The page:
As World Backup Day 2019 has come and gone, Acronis surveyed both individuals and business users in 11 countries around the globe regarding backup habits, cyberthreat awareness, and data loss experiences. 2019 was the first year they polled business professionals regarding their knowledge and data protection habits as well. Surprisingly or not, the discoveries of this year’s World Backup Day Survey revealed notable contradictions between consumer beliefs and practical choices, as well as an interesting contrast between the value people and businesses place on their data’s value and the steps they take to protect it. Here is what they found…
To start off, and to get a better understanding what personal users and professionals most value in a backup, Acronis asked their respondents which of the five vectors of cyber protection– safety, accessibility, privacy, authenticity, and security- was most important to their goals. The majority of consumers ranked “accessibility” (rapid access to backups that are affordable and easy-to-use) as their top priority in a backup solution. However, there was an unfortunate low awareness of cyberthreats. Alternately, businesses ranked “safety” (reliable backups that keep all data complete and recovery-ready) as their most important backup feature, which would be a result of the many high profile data breaches and ransomware attacks in recent years.
- 46 percent of consumers do not know what ransomware is, but 61 percent of businesses are concerned or highly concerned about ransomware
- 53 percent of consumers do not know what cryptojacking is, 60 percent of businesses are concerned or highly concerned about cryptojacking
- 53 percent of consumers do not know what social engineering attacks are, but 61 percent of businesses are concerned or highly concerned about social engineering attacks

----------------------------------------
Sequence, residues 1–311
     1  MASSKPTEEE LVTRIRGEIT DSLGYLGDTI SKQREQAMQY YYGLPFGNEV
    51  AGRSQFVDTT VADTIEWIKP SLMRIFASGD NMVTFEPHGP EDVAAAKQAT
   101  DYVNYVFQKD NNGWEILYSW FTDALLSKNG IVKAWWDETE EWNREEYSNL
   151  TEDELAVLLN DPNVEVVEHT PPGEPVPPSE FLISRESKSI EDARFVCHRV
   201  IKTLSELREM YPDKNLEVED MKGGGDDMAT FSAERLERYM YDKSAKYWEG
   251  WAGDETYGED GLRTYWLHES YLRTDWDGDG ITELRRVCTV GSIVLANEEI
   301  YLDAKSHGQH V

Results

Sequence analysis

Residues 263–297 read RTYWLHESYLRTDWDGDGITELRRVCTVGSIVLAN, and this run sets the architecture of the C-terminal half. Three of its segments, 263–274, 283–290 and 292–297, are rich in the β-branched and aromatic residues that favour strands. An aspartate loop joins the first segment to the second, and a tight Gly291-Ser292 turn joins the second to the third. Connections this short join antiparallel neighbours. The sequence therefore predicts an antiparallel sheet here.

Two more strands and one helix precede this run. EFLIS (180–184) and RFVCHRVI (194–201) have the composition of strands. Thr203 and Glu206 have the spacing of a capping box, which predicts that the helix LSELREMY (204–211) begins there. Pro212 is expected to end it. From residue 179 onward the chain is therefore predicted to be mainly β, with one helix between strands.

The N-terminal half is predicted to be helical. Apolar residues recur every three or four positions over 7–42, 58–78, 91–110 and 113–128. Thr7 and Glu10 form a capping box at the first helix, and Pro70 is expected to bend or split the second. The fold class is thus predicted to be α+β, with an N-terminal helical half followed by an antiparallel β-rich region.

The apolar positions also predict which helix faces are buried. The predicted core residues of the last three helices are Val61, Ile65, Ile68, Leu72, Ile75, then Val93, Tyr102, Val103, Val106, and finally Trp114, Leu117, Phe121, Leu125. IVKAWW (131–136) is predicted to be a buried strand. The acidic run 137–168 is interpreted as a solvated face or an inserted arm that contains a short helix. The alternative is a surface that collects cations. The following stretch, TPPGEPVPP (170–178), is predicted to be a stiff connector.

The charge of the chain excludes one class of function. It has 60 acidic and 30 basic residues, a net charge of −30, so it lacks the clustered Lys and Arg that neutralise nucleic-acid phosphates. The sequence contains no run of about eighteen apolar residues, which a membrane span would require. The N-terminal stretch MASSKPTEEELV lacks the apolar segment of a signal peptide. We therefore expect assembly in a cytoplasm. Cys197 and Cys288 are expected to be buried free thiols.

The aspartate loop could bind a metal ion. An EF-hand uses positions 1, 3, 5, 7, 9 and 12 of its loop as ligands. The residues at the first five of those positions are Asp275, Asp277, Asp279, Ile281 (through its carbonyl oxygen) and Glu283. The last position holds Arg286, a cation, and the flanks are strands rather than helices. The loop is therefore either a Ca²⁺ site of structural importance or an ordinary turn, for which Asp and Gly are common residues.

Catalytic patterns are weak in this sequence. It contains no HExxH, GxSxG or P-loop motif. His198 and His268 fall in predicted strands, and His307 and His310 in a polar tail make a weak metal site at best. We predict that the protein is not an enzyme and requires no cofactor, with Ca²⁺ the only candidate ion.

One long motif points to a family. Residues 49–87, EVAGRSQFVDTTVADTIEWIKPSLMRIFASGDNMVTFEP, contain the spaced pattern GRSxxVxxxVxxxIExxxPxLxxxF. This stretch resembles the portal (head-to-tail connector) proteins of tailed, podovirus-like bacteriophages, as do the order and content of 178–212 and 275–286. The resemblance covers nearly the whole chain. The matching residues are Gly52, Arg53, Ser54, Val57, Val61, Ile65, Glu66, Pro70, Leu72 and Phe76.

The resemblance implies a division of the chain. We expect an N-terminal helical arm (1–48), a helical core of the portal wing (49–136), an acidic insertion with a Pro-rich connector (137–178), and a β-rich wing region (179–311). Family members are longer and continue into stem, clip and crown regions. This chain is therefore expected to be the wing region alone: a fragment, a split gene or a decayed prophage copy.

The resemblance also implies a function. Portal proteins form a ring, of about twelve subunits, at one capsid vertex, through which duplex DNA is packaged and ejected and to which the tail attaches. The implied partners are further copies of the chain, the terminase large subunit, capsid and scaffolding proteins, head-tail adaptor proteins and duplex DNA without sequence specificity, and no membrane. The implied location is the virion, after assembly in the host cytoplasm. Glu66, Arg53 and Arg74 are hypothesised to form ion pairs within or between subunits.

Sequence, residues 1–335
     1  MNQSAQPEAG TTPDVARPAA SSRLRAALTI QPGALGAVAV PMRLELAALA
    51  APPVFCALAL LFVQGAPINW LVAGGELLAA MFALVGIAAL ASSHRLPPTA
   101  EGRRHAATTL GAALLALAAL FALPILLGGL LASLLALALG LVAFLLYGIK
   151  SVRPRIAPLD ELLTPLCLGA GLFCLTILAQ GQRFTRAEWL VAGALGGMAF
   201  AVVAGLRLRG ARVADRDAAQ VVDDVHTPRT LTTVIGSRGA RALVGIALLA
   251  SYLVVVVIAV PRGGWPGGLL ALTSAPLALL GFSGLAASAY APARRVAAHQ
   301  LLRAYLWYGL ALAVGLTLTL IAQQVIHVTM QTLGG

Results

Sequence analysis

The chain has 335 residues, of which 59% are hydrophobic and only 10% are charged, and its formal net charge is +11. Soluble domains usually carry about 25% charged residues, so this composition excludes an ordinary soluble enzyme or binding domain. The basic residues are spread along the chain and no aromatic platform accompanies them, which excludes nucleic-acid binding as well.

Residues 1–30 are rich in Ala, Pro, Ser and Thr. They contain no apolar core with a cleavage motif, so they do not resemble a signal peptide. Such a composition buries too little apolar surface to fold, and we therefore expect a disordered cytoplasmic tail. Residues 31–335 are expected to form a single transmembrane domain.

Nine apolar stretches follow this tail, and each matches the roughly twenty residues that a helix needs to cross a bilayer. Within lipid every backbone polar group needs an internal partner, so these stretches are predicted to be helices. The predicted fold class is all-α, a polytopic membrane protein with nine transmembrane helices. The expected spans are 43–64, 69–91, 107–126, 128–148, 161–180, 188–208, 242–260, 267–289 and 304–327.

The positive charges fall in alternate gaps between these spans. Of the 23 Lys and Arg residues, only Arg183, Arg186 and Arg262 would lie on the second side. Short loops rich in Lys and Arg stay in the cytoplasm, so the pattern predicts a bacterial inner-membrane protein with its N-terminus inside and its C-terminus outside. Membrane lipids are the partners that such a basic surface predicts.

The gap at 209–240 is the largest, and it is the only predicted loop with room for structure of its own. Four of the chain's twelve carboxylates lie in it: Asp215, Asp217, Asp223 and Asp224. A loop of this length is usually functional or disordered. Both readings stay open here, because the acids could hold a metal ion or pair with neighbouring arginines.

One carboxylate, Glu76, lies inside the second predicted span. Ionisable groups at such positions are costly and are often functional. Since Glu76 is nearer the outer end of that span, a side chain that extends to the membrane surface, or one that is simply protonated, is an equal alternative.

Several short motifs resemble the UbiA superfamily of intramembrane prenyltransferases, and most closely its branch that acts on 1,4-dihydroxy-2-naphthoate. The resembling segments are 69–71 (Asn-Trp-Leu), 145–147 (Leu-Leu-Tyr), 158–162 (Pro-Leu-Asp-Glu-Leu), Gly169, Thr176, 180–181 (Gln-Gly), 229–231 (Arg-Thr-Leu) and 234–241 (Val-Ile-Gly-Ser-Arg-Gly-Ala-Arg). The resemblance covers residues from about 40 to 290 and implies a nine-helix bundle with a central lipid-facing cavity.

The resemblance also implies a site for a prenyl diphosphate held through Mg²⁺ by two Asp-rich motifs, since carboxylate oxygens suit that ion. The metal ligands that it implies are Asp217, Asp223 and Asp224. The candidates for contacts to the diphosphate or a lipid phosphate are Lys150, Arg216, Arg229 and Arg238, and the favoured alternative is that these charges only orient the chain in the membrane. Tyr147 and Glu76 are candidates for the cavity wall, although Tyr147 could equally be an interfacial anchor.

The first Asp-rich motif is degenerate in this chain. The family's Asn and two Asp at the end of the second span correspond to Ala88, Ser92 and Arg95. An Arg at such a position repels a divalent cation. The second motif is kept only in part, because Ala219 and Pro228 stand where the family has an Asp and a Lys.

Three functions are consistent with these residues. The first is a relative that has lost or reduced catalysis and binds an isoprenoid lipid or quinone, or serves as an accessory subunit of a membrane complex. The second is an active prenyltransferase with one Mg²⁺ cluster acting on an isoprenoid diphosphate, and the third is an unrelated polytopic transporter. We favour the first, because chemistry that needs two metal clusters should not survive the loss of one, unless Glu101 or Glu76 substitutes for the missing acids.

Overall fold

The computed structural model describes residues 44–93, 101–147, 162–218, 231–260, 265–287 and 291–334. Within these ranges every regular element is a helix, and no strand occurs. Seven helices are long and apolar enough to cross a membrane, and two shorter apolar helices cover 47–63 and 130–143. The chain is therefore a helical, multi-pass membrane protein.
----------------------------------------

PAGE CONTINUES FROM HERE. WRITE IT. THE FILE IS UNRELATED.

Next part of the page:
Between this lack of education and consumers desire for convenience, affordability, and ease-of-use above all other features, it becomes understandable that they would choose a local backup plan over an external drive or USB. These consumers may not understand how simple and accessible backing up to the cloud can be. On the other hand, the governance offered by cloud services is undoubtedly a key motivator for defense against these cyberthreats for businesses. However, businesses that exclusively rely on cloud backups may discover that even the most sophisticated cloud storage can’t offer the speed, reliability, and peace of mind that comes from hybrid backup procedures.
Another interesting find is that backups are up, but so is data loss. People are accessing their data from more places than ever before due to an increase in the number of devices per user, the opportunities to lose data also increase with this growth. Although people may back up their laptop, for instance, they may fail to back up their smartphone, leaving the door open to data loss through these additional devices. While almost all consumers and businesses backed up their devices this year, significant portions still lost data: